Probiotics: A Simple food from your refrigerator that stops diarrhea

Thomas Secrest's picture
Activia Probiotic Yogurt
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In a June 4, 2013 article, appearing in Medscape, Laurie Barclay, MD, reported that a meta-analysis of probiotics showed that their use was associated with a 64% reduction in diarrhea symptoms associated with C. difficile (the most common cause of antibiotic related diarrhea). This represents an impressively large and significant affect and something for you to keep in mind the next time you take a broad spectrum antibiotic.

Commensal bacteria

Your digestive tract is teaming with tiny little organisms we affectionately call bacteria. In fact there are so many bacteria that a substantial portion of your feces are made up of dead or dying bacteria. Feces are mostly water (about 75%) and 25% solid matter. Bacteria account for about 40-60% of the solid material.

A lot of people get a little creeped-out knowing that there intestines are full of thriving bacteria, approximately 100 trillion bacteria or about 1 intestinal bacteria cell for every human cell in your body. Those little organisms that share your intestines, called commensal bacteria, have several very important jobs when it comes to keeping us healthy. You may already know that intestinal bacteria take part in synthesizing vitamin B and K, but you might not know that they play a role in preventing your intestines from being overrun by other, far less friendly, bacteria.

A dog eat dog world

Periodically we are exposed to bacteria that are potentially pathogenic and if these bacteria were allowed to multiply freely in our colon they would rapidly cause serious intestinal illnesses. However, the 30-40 species of bacteria that call our intestines home are superior competitors for the nutrients left behind from the food you eat. In head to head or bacteria to bacteria competition, the potentially pathogenic bacteria never get enough nutrition to produce a thriving population, a population big enough to make us sick. In other words, they are inferior competitors compared to our commensal bacteria.

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Why do broad spectrum antibiotic cause diarrhea?

You probably know about, or worse have experienced, diarrhea after taking antibiotics to treat some other pathogenic bacterial infection; something like pneumonia, a sinus infection, ear infection, strep throat or perhaps a urinary tract infection. Doctors often don’t determine which species of bacteria is causing your problem, so rather than giving you a targeted antibiotic; instead they give you an antibiotic that is effective against many different bacteria. These types of antibiotics are called broad spectrum antibiotics to indicate that they can kill a broad spectrum of bacteria. Common examples of broad spectrum antibiotics are: Amoxicillin, Levofloxacin and Augmentin. Broad spectrum antibiotics are the most commonly prescribed of all antibiotics. Unfortunately they very often kill the ‘good’ bacteria that live in your intestines right along with the pathogenic bacteria causing your throat or urinary tract infection. That might not be so bad, except that the potentially pathogenic bacteria that are held at bay by the good bacteria are antibiotic resistant. Therefore, the good bacteria die and the pathogenic bacteria live; and they quickly grow into a huge population. As their numbers increase, you start to feel sick and soon the diarrhea starts. One of the most common causes of antibiotic associated diarrhea is Clostridium difficile. This is a nasty little family of bacteria that includes the bacteria that cause tetanus and botulism.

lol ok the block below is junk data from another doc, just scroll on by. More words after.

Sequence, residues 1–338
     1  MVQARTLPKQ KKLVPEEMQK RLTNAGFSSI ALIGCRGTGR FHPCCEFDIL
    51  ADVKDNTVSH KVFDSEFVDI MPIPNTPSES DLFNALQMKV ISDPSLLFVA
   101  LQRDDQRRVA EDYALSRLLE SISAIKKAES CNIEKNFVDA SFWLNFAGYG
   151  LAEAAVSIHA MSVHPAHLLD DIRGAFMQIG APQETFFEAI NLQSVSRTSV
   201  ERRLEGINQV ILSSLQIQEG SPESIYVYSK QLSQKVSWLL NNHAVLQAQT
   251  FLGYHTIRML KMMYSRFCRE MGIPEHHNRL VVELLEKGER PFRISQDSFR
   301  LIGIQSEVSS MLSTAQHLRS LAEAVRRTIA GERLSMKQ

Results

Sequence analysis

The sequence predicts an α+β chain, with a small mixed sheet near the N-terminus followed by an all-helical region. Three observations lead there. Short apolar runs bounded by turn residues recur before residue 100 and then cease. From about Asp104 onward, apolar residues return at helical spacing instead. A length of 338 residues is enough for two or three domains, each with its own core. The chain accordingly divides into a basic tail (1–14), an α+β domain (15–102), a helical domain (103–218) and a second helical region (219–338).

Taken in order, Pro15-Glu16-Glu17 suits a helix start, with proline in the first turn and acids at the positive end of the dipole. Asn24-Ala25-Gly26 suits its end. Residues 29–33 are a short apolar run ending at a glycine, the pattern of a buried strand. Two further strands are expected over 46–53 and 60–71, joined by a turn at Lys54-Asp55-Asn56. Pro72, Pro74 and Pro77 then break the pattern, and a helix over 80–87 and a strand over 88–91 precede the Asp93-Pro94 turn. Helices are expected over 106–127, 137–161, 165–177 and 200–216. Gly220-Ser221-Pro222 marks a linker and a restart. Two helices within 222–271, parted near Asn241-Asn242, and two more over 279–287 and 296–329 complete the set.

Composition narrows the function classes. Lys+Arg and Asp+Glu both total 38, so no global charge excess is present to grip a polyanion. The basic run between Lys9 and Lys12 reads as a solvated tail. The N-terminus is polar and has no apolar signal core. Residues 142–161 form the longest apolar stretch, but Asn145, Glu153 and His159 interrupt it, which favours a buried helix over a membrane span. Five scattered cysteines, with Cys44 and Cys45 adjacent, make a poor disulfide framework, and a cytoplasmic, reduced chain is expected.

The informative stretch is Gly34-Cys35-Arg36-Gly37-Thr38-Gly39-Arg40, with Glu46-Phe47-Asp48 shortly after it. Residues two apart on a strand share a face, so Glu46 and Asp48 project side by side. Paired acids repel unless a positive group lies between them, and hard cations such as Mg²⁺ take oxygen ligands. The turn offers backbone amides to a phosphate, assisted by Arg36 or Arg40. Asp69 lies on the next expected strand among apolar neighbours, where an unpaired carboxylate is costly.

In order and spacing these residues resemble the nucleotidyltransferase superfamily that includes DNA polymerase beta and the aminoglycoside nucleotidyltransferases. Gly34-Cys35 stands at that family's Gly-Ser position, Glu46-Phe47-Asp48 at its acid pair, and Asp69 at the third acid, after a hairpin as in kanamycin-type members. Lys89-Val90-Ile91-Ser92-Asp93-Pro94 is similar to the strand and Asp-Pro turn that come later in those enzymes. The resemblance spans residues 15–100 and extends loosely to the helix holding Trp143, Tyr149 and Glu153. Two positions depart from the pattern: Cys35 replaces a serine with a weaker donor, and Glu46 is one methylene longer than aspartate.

How do probiotics work?

It has long been believed that consuming foods that contain live cultures of bacteria, especially bacteria that occur naturally in our gut, foods like yogurt, soy sauce, buttermilk, sauerkraut and pickled vegetables, could prevent the diarrhea that can accompany the use of broad spectrum antibiotics. These foods are now marketed as including probiotics or as probiotics drinks. The study mentioned at the beginning of this article, as well as others, strongly support these long-held beliefs.

Probiotic foods help replenished the diminished populations of bacteria in your intestines. As your natural population of bacteria return, they once again start to effectively compete with the Clostridium difficile and the symptoms, in particular the diarrhea, begins to improve.

Researchers would still like to identify the species and strains that are most effective, however, it might very easily turn out that it is a mixture of various bacteria that are most helpful. Whatever the case, you can use the information now to reduce your risk of C. difficile associated diarrhea by consuming probiotics whenever you start taking a broad spectrum antibiotic and continue to consume them until you finish the prescribed course of antibiotics. It’s also nice to know that these products have been consumed for hundreds or thousands of years and there seems to be no down side to their use. Even if they don’t help, they will do no harm either.

You can also ask your doctor to prescribe probiotics. The ones available from your pharmacy include know quantities of specific bacteria or combinations of bacteria.

Reference: The Cochrane Library

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